The Flood, by David Maine

God rains over everything in Genesis tale
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The Independent Culture

In the beginning was the Word, and the Word was with God. But, these days, everyone is getting in on the act. Genesis, that book of stories to end all stories, with its fratricide, rape, polygamy and incest, has inspired more than one novelist. Take Jenny Diski's excellent Only Human, with its witty spin to an awkward love triangle and a bemused God competing with Sarah for Abraham's affection. Now David Maine has relaunched the ark.

In the beginning was the Word, and the Word was with God. But, these days, everyone is getting in on the act. Genesis, that book of stories to end all stories, with its fratricide, rape, polygamy and incest, has inspired more than one novelist. Take Jenny Diski's excellent Only Human, with its witty spin to an awkward love triangle and a bemused God competing with Sarah for Abraham's affection. Now David Maine has relaunched the ark.

Maine writes about events rather than characters, catching something of the Old Testament's arbitrary quality. His Noe is a 600-year-old patriarch with a direct line to Yahweh, the kind of wild-haired cult leader you might have found painted by hippies on the wall of a squat. Before, during and after the deluge, Noe's wife, his sons (Sem, Cham and Japheth) and their uncomplaining wives (Bera, Ilya and Mirn) all take turns at telling the story. Noe alone never talks directly to the reader.

Once the ark gets going, it's a bit like a floating commune, with family dynamics severely tested in this cramped, boring and dangerous place. The three sons are hard-working craftsmen and farmers. But it is the women, with their intelligent and astute observations, who probe for deeper meanings. Men have visions; women notice the way things really are. Their experience of the world and its horrors is greater than that of their menfolk.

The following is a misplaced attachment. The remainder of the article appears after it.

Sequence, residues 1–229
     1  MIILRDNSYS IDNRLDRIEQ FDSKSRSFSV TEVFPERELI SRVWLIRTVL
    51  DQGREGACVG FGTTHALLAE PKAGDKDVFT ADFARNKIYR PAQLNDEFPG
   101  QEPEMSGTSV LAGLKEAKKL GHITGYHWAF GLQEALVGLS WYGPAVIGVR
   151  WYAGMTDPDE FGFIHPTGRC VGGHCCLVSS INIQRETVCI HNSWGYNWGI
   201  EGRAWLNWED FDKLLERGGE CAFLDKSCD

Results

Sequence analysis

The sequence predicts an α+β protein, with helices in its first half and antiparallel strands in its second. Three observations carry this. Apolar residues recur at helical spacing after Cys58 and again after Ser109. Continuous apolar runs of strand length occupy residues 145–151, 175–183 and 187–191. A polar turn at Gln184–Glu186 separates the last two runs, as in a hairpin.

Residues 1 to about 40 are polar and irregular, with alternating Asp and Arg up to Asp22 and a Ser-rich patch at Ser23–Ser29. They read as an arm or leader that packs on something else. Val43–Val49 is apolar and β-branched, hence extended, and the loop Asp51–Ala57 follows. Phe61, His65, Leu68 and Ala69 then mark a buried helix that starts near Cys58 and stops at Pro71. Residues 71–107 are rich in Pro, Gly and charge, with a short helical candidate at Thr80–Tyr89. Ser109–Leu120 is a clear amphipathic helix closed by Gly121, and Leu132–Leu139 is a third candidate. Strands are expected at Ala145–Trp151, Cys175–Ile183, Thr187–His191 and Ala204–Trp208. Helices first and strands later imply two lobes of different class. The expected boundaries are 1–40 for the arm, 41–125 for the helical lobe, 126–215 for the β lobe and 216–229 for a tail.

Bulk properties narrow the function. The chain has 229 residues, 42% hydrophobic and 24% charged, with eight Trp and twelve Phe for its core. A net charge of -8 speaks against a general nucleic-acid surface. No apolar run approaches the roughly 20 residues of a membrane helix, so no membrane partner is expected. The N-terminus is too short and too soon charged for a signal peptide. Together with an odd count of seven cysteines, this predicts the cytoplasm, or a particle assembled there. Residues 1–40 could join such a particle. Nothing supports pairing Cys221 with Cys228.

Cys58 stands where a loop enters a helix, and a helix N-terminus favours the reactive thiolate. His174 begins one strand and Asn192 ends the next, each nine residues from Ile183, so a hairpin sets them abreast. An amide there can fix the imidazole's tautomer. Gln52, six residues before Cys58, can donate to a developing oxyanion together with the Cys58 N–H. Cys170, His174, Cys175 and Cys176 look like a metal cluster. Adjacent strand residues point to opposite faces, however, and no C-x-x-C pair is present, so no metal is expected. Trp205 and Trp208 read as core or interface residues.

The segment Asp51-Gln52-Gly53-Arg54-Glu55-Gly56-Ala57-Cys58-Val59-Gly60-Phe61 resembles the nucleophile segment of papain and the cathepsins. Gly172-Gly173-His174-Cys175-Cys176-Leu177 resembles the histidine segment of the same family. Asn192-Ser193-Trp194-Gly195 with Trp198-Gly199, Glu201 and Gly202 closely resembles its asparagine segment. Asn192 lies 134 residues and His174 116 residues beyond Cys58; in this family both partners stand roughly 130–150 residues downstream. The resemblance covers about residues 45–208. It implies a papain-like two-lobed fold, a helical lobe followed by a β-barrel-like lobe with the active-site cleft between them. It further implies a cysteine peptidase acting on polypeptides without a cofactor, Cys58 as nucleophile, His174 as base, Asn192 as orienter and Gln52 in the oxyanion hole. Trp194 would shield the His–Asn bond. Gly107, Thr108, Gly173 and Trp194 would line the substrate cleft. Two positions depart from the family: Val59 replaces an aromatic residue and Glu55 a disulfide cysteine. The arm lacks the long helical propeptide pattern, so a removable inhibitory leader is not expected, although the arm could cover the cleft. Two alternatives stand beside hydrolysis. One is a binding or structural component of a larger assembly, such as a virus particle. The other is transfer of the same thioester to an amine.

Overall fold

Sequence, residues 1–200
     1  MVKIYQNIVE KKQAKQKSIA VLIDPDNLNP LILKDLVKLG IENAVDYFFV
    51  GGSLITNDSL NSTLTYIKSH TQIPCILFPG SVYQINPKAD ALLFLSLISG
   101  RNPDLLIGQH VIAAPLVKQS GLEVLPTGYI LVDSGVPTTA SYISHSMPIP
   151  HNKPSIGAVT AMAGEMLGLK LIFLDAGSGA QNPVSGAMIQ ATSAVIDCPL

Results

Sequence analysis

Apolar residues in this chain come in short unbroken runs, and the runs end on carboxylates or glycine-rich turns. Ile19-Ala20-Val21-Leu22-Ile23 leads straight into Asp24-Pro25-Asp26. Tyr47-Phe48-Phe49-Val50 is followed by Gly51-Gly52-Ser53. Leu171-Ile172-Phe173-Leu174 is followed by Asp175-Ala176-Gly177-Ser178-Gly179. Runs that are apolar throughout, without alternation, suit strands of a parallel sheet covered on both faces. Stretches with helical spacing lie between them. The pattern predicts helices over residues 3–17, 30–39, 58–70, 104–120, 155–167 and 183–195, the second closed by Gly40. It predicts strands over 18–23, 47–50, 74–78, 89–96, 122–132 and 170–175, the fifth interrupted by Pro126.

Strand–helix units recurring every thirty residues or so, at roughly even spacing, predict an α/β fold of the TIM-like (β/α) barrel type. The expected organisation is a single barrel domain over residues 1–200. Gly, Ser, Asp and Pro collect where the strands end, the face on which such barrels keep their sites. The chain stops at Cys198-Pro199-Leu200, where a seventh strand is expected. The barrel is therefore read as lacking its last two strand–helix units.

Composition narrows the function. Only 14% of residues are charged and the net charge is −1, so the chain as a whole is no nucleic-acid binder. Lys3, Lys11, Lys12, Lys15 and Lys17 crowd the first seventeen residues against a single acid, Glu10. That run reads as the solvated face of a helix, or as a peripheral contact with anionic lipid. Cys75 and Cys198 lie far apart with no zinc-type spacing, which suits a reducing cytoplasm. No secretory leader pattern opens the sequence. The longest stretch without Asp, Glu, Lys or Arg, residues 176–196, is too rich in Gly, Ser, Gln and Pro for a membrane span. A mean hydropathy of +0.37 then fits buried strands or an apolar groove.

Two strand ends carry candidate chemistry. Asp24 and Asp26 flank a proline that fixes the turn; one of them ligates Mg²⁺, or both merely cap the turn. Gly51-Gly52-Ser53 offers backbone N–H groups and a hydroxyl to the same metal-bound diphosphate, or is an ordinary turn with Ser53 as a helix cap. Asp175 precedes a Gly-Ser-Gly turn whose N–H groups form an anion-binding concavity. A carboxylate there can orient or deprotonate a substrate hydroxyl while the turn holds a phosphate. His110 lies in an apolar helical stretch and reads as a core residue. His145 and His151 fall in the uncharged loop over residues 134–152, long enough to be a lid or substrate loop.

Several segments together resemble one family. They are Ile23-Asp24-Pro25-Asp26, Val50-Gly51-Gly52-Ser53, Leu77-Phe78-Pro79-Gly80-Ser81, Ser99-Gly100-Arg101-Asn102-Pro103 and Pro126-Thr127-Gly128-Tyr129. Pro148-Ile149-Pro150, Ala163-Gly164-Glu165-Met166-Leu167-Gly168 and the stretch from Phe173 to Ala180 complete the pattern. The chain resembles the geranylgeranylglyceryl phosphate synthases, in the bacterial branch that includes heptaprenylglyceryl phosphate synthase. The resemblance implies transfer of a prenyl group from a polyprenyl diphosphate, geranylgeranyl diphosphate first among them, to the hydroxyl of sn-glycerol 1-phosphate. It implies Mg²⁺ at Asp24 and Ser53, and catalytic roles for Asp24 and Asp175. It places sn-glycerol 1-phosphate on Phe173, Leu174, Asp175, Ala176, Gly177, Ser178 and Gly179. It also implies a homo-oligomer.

Noe's wife was 13 and he was celebrating his fifth centenary when they married. Soon she's hip to the best way of managing him. Bera, an African sold as a child slave, remains detached, thoughtful. The Nordic Ilya, raised in the worship of fierce goddesses, comes on like a proto-feminist, while Mirn, still a girl, has an empirical approach to life. She sees God in the small things - two snakes mating, or a spider's web.

Conversational and ironic, the narrative zips along and the dialogue is often anachronistically funny. When Noe asks a pedlar to look out for building materials, the man answers that "I'm switching to luxury goods. Fatter margins on silk and spices and bangles and wine." In every Bible story there are resonances, and Maine is careful not to hammer them home. But when Ilya questions whether the seas are rising and wonders why she, rather than others, escaped the terrible death beneath mountain-high waters, our own nightmares (global warming; apocalyptic destruction) are not far away.

This is a fluid and fluent book, easily read in one sitting. Pulsing with energy, it gives us an earth where everything seems rudely alive - rutting, farting, surviving. Noe's family do not know why Yahweh sent the flood. Maybe it was simply because he could. As Mirn concludes: God reigns over everything. Or is it that he rains over everything? God, as ever, has the first and last word.

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